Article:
In the conclusion of her book Cybertypes, Lisa Nakamura asks, “Who gets to speak about cyberspace? Who gets to speak in cyberspace? Who wants to speak about it? Who is trained to produce scholarly work in cyberculture? What kind of scholarly work has shaped the field today, such as it is? Are there racial ‘digital divides,’ or institutionalized inequities in access, resources, and cultural/academic capital, that obtain both inside cyberspace and in the field of cyberculture studies? Whose ideas have power? Whose discourse is privileged? And why haven’t these questions been asked before?”* (This statement is somehow reminiscent of Gayatri Chakavorty Spivak's "Can the Subaltern Speak?" to me.) Nakamura puts forth many of the questions that I have grappled with as an academic who is conducting research in cyberspace. I have made efforts to address many of these issues in my project, but I am also writing from my own standpoint. I think that it is important to ask for a "reality check" every once in a while. So, how am I doing as a feminist researcher studying the feminist blogosphere? And what are you thoughts on the politics of cyberculture studies?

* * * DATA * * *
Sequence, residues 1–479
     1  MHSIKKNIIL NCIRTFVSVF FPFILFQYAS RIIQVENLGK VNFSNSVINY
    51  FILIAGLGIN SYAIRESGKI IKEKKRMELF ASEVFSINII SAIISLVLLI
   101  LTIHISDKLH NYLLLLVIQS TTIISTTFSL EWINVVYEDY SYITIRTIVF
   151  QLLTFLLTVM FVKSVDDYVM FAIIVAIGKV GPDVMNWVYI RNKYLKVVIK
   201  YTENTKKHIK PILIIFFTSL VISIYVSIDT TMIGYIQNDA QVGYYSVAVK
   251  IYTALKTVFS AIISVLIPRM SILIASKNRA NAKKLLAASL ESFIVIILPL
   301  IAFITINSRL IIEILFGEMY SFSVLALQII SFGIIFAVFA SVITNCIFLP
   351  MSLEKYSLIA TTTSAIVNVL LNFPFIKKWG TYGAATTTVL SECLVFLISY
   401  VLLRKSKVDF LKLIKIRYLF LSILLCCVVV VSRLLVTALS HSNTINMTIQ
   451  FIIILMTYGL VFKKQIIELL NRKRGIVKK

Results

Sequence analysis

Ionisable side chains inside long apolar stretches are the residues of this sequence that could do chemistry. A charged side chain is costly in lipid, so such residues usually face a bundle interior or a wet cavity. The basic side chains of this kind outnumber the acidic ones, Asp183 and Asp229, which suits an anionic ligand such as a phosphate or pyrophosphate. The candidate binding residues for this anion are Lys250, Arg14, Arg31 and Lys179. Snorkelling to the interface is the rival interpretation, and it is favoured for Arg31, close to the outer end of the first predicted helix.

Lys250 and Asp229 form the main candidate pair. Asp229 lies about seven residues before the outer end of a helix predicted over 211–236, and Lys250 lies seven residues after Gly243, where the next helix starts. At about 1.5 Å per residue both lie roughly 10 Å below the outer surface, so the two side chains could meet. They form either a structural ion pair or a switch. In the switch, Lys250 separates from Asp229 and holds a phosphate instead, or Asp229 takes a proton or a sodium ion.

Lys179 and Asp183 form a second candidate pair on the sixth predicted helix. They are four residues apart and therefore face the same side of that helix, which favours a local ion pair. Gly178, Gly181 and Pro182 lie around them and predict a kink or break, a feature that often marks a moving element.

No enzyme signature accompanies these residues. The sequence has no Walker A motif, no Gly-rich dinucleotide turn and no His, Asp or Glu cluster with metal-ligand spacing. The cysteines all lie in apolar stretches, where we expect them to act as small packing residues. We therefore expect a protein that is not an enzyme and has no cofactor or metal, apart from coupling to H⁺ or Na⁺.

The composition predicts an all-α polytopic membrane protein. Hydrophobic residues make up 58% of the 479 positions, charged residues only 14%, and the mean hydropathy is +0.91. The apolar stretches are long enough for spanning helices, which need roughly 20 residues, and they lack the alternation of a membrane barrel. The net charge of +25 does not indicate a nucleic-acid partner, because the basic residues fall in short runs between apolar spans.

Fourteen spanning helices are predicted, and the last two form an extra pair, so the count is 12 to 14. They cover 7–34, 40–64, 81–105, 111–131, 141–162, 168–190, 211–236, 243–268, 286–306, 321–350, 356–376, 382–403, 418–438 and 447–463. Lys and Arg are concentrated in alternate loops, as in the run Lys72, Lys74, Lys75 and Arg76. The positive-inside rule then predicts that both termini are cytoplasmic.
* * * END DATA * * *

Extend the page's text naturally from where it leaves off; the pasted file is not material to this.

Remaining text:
*Nakamura, Lisa. Cybertypes: Race, Ethnicity, and Identity on the Internet. New York: Routledge, 2002.
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